Reflecting back, if there were one defining moment in my regulatory career as a field consultant for the NC Division of Coastal Management (NCDCM), it would have been this: During that time, NCDCM worked closely with agents of the regulatory branch of the U.S. Army Corps of Engineers (USACOE), and we often made joint site visits because of our overlapping jurisdictions. We also coordinated enforcement actions, provided project bio reports, and generally spent a lot of time talking back and forth.

This agency interaction made us privy to a lot of fascinating regulatory tales. Like the time a car full of federal environmental regulatory agency representatives (National Marine Fisheries Service, Fish and Wildlife Service, and the USACOE) backed over the favorite dog of a difficult violator while leaving his home after a tense meeting. As I understand it, the situation went from about a nine to a 15 on a 10-point scale of rage and stayed there until it was finally determined the dog was okay.

But the most defining moment was the story of a reported exchange between a USACOE enforcement person and a different violator. In an on-site meeting, this violator offered to deed another wetland area he owned to the federal government in exchange for the wetland area he had just filled. The corps representative snapped back, “Thank you, Mr. Smith, but we already own that!”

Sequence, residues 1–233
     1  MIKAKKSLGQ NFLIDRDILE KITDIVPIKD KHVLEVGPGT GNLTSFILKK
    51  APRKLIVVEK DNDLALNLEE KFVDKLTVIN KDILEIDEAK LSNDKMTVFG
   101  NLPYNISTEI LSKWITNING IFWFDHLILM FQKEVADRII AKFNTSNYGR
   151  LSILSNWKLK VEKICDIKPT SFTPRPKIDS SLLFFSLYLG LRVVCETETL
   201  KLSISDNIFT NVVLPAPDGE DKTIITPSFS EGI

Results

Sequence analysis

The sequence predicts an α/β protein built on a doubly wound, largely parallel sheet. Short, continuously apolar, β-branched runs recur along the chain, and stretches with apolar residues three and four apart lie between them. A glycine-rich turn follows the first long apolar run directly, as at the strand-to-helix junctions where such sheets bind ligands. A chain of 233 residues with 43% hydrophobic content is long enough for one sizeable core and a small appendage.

They already own it. That’s the environmental regulatory culture. That’s how bureaucratic agents think. I eventually left for several reasons, but one reason was that I certainly didn’t think that way.

In that situation, they were not talking about the vast environmentally sensitive areas the government does own. After all, the state holds title to all land below the normal water level in non-tidal areas and the mean high-water mark in tidal areas. They were talking about property above the normal water level to which the accused held a deed recorded in the county courthouse at the register of deeds.

Despite what my regulatory compatriot said, the government didn’t own that land because they never paid the guy for it. And we have state and federal agencies that have simply bullied rightful owners out of their ownership rights by threats of legal action, and if necessary, loss of freedom, if the owner elects to use their properties in certain ways without certain permits; permits which are generally unavailable, by the way. The government has guns and won’t hesitate to use them, even if its actions are equivalent to armed robbery.

So, if you are all hot and bothered and wondering what is happening to the U.S. Constitution now, you are a little late to the game. This has been going on for 50 years.

It is an immutable economic principle that anything free will be overused. When the government discovered wetlands could be absconded by force and without any cost, the obvious course was to take it to the max. I think that everyone would agree that we need to protect the truly environmentally sensitive areas, but is it really “waters of the United States” when the water only breaks the surface of the ground for maybe two weeks out of the year?